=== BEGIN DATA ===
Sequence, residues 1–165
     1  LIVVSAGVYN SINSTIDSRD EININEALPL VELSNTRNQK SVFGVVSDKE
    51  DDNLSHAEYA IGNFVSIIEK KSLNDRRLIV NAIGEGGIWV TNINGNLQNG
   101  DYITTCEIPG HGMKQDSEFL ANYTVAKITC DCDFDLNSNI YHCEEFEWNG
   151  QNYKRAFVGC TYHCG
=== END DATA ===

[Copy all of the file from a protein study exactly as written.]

Sequence, residues 1–165
     1  LIVVSAGVYN SINSTIDSRD EININEALPL VELSNTRNQK SVFGVVSDKE
    51  DDNLSHAEYA IGNFVSIIEK KSLNDRRLIV NAIGEGGIWV TNINGNLQNG
   101  DYITTCEIPG HGMKQDSEFL ANYTVAKITC DCDFDLNSNI YHCEEFEWNG
   151  QNYKRAFVGC TYHCG